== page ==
I like Maargali. The water was very cold. I like cold hair. I like early morning. Fresh. It smells all jasmine when you go near any girl, particularly in Maargali, as they all wear jasmine. I don’t wear flowers. I don’t like. I feel uncomfortable when they go dying and dry. They look sad. I do like them when they are fresh. But I don’t know when is the right time to take it off so that they never go sad. Fresh cold hair, fresh jasmine, and early morning kombai street to temple are nice.

We, we means myself and Senthil, go to all temples in the morning. People say that the prayers and celebrations are relevant only to girls who are looking to get married in the near future. They go to temple and pray to God that their marriage happens soon and good. It is not relevant for us. But many children like us and men also go to temples. So we are also going. Father decided to send us to the temple so that we both will get the habit of getting up early in the morning. But, in his dictionary, early morning means 4am. I hate to wake up that early. But, since when we have started going to temples, I like it. We collect prasatham (food offered to God in the prayer ritual and then distributed to the worshippers) from several temples. We get sarkkaraip pongal (rice pudding) as prasatham in some temples, and in some other temples it is sundal (chick pea with desiccated coconut). It is not about the pongal or sundal, it is about me and him going together. He doesn’t come to me or with me like this otherwise. It feels nice seeing him coming to me as if I can take care of him.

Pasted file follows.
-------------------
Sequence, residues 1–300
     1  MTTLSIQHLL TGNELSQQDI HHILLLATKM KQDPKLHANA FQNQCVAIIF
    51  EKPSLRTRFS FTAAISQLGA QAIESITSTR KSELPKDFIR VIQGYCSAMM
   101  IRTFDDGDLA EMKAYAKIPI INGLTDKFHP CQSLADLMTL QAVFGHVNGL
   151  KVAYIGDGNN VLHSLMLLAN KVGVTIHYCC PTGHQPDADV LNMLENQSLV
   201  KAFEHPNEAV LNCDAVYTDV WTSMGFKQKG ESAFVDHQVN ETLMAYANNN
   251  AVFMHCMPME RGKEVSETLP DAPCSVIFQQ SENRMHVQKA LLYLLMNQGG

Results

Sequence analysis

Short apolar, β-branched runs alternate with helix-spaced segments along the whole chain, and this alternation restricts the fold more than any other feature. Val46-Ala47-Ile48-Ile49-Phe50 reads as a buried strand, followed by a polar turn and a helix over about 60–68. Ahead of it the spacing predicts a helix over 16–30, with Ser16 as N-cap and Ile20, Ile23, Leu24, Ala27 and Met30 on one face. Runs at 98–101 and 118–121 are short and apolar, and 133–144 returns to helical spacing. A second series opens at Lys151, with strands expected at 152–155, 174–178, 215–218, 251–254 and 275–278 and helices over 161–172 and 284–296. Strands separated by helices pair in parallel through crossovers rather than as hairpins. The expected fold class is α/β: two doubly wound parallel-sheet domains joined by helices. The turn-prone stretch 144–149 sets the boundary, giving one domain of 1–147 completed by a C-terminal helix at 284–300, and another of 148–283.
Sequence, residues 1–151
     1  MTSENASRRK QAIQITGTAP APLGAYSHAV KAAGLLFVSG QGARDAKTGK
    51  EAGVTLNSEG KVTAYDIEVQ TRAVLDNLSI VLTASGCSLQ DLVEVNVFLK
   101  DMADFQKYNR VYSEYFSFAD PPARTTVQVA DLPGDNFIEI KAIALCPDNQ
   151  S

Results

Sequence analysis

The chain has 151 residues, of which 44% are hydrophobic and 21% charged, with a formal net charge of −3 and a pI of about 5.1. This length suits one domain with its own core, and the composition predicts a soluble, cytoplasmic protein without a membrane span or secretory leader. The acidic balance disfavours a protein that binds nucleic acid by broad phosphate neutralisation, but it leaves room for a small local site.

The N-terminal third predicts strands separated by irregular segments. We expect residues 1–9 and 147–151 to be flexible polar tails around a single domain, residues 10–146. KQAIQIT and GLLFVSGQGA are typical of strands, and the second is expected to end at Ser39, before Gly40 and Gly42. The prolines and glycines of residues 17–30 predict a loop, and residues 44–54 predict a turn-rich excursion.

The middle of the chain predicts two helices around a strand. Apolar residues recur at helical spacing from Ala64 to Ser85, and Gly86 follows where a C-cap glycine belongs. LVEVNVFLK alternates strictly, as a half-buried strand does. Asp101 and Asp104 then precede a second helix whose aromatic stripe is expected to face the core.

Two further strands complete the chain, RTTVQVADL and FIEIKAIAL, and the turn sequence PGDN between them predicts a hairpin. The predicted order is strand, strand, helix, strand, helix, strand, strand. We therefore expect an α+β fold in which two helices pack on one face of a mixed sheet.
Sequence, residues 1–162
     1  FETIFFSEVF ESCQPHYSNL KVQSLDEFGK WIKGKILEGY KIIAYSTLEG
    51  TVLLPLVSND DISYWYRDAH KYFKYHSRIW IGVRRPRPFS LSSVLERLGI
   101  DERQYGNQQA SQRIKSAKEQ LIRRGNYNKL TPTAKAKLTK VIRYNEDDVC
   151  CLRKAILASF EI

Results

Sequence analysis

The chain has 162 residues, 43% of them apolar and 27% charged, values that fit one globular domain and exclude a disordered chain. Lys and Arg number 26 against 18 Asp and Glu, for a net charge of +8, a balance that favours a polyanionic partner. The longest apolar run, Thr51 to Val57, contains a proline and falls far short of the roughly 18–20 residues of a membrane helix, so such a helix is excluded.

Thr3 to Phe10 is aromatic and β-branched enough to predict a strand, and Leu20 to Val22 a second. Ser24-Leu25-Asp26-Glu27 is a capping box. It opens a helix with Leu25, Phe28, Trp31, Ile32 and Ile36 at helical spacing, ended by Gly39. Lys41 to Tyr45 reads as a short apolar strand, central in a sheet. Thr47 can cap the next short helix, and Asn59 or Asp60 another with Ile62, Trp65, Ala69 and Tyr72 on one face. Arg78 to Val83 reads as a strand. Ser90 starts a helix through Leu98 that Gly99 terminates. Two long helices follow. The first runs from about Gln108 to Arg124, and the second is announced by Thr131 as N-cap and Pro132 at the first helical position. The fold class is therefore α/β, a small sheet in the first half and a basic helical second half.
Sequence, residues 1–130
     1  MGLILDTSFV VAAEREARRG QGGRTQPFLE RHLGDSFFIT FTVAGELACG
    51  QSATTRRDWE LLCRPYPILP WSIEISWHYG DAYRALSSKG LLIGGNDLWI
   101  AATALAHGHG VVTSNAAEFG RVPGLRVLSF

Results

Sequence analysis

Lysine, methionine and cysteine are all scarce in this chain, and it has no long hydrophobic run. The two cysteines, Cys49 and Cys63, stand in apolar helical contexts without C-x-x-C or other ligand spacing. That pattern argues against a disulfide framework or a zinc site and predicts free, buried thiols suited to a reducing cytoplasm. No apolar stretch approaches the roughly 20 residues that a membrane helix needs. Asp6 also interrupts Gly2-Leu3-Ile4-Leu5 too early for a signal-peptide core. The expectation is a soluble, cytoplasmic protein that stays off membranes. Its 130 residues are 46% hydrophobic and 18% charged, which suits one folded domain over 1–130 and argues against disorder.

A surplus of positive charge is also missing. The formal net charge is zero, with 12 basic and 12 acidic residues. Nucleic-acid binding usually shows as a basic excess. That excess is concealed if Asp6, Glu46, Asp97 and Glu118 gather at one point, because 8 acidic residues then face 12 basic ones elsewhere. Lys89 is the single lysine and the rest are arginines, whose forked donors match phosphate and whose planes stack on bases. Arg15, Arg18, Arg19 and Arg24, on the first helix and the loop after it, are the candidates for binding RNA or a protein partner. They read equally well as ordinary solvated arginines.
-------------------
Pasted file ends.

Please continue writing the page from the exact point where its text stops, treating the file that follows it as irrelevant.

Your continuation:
Senthil also finished washing body and is ready. We both depart. We have a route. First we go to our temple first and then we go to chettiyar temple. Then we go to subramaniyar temple and we finish our day in kaamatchi amman temple. By now we know the prasatham time for all temples we visit. We don’t go to all temples in Kombai. We have to be home by 7am so that we can get ready and go to school. Senthil goes to collect his share of prasatham. “Akka, it is hot, it is hot”, he comes towards me running. I take prastham from him, and look at his palm. It is red. “Didn’t I tell you to keep that banana leaf? Where did you throw, look you are hurt now”. He did not even care. He is back to the crowd again. I look for banana leave and rush to him. “Take it, take it”. I shout”. He takes it. I watch him get more prasatham. He comes and stores it with me and goes back again. “Enough, Senthil, come, let us go”. We have finished for today. Mother asks us, “happy?” “Yes”, a big nod from me. Yes, we, brother and sister collecting prasatham together, are indeed happy. :-)
PS: Not very well written in my opinion. I wanted to write more on Maargali. also, wanted to mix the emotion along with the information on maargali poojais and jasmine fragrance through my eyes. It looks that the emotion stands out oddly without mixing with the rest of the text. I will rewrite this sometime later. But for now, this is what I could write sitting in office during a tea break. Bear with me please.

Friday, January 06, 2006

Leaving Home